The story opens as a father discovers that his 9-year-old boy, Schatz, has a fever. The father sends for the doctor and he diagnoses a mild case of influenza. As long as the fever doesn’t go above 104 degrees, the doctor says, the boy will be fine, and he leaves three different types of medication for the father to administer with instructions for each. Schatz’s temperature is determined to be 102 degrees.
When the doctor leaves, the father reads to Schatz from a book about pirates, but the boy is not paying attention and is staring fixedly at the foot of the bed. His father suggests he try to get some sleep, but Schatz says he would rather be awake. He also says that his father needn’t stay in the room with him if he is bothered. His father says he isn’t bothered, and after giving him his 11 o’clock dose of medication, the father goes outside.
It is a wintry day with sleet frozen onto the countryside, and the father takes the family’s Irish setter out hunting along a frozen creek bed. Both man and dog fall more than once on the ice before they find a covey of quail and kill two. The father, pleased with his exploits, returns to the house.
Upon returning home, he finds that Schatz has refused to let anyone into his room because he doesn’t want anyone else to catch the flu. The father enters anyway and finds the boy still staring at the foot of the bed. He takes Schatz’s temperature and finds it 102, as before. He tells Schatz his temperature is fine, and not to worry. Schatz says he’s not worrying, but he is thinking. When the father gives Schatz his medication, Schatz asks if he thinks the medication will help, and the father answers affirmatively.
After attempting to interest Schatz in the pirate book and failing, the father pauses, whereupon Schatz asks him when the father thinks Schatz will die. It emerges that Schatz has heard at school in France that no one can live with a temperature above 44, so Schatz thinks he is sure to die with a temperature of 102. He has been waiting to die all day.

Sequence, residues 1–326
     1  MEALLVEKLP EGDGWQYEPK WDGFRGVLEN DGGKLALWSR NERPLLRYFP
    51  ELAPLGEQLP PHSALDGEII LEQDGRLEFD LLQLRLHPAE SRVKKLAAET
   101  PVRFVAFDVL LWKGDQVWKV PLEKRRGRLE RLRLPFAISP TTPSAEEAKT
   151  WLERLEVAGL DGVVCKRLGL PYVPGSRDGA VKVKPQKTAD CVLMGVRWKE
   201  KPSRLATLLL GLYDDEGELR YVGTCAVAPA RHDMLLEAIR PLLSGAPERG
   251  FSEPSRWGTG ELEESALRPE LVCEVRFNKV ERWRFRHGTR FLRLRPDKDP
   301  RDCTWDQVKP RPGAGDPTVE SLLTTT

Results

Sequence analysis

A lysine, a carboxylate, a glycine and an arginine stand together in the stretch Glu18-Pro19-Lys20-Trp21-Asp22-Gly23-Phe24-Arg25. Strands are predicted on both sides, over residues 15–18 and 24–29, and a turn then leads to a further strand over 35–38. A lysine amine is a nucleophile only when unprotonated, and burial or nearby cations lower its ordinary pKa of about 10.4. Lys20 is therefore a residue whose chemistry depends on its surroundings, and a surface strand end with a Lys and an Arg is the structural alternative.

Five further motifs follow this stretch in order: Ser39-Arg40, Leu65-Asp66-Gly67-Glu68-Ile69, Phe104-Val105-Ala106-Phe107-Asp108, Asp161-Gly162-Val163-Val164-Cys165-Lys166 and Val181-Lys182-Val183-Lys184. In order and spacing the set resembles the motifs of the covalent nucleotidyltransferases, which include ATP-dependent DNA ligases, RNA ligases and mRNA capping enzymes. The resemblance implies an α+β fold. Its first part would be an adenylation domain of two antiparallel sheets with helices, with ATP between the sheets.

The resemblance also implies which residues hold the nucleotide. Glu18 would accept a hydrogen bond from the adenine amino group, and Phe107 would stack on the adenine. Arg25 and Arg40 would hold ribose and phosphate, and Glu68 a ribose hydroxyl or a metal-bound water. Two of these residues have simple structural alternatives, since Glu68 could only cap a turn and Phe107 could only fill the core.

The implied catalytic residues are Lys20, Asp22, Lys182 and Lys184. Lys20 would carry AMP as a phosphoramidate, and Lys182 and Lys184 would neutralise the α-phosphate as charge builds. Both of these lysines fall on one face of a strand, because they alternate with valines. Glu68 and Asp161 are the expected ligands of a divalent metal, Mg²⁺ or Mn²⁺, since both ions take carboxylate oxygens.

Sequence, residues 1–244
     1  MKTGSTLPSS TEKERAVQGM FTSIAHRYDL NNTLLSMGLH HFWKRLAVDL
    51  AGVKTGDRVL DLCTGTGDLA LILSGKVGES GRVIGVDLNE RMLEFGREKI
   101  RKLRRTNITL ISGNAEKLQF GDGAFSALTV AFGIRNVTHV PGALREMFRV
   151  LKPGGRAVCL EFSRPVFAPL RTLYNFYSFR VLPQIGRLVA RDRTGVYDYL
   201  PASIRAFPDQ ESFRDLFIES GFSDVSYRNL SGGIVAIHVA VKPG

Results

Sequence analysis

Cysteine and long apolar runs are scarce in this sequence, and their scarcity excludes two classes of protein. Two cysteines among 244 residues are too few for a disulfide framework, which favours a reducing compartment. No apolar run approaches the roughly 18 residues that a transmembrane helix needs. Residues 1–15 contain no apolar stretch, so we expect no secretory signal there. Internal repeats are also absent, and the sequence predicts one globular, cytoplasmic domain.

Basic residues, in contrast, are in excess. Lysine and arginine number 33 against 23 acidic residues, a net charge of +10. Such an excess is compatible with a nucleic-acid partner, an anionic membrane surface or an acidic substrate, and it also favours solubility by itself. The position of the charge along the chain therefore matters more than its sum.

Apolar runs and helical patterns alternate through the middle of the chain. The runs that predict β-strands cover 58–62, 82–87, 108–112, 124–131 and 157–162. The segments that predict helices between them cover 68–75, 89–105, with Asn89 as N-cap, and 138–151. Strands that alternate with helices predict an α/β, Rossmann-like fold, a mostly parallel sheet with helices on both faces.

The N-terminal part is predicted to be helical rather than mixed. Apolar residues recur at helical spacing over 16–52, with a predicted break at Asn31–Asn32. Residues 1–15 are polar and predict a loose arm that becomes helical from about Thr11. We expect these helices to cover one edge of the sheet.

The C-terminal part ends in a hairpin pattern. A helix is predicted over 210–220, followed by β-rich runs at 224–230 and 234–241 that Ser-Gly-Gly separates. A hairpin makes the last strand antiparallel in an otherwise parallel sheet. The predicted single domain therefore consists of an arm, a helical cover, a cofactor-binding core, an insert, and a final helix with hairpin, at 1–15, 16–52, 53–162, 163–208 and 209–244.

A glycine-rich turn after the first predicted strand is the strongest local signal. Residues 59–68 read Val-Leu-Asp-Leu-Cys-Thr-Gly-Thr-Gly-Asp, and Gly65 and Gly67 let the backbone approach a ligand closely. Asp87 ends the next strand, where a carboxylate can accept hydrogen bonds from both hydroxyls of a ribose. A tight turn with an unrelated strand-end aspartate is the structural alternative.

After the father explains the difference between Fahrenheit and Celsius, Schatz relaxes, letting go of his iron self-control and the next day he allows himself to get upset over little things.
ANALYSIS
“A Day’s Wait” deals with the familiar Hemingway theme of heroic fatalism or fatalistic heroism, namely courage in the face of certain death. It is a testament to Hemingway’s skill and his dedication to this theme that he can make fatalistic heroes out of 9-year-old boys as easily as out of middle-aged has-been prizefighters on the run from gangsters and 76-year-old Spanish war refugees. The tragedy in this story is not, of course, that the hero Schatz is doomed, but that he believes himself to be doomed when he is in fact fine.
Schatz’s heroism is quietly but strikingly demonstrated in his words and actions over his day’s wait. The most dramatic manifestation of Schatz’s heroism is the difference between his demeanor during the day described by the story and his demeanor the next day. The narrator says “He was evidently holding tight onto himself about something” before the father goes out hunting, and when Schatz realizes he will be fine, “The hold over himself relaxed too, finally, and the next day it was very slack and he cried very easily at little things that were of no importance.” The little boy is stoic in the face of what he believes will be certain death; he holds his emotions in with iron self-control all day, and even suggests that his father leave the room if he is distressed to see his son dying. He also forbids anyone to come into his room out of concern for their health, even though by doing so he condemns himself to die alone.
Aside from Schatz’s own behavior, the other element of the story that makes Schatz’s heroism striking is the behavior of his father, which unintentionally worsens Schatz’s mental turmoil. Shortly after Schatz suggests that his father need not stay with him if the spectacle of his son’s death will bother him, the father leaves the house for hours to enjoy himself in the winter sunshine with the family dog, a gun, and a covey of quail. The juxtaposition of the father’s enjoyment with Schatz’s self-controlled, tragic, and solitary stoicism sharpens the reader’s sense of Schatz’s heroism.
Most Hemingway scholars believe the narrator of this story, though unnamed, is actually Nick Adams, Hemingway’s semi-autobiographical character who appears in a series of stories. Hemingway’s official biographer Carlos Baker was the first to make this claim, and the fact that original manuscripts for “Fathers and Sons,” one of Hemingway’s confirmed Nick Adams stories, calls Adams’s boy “Schatz” seems to clinch the mater.…...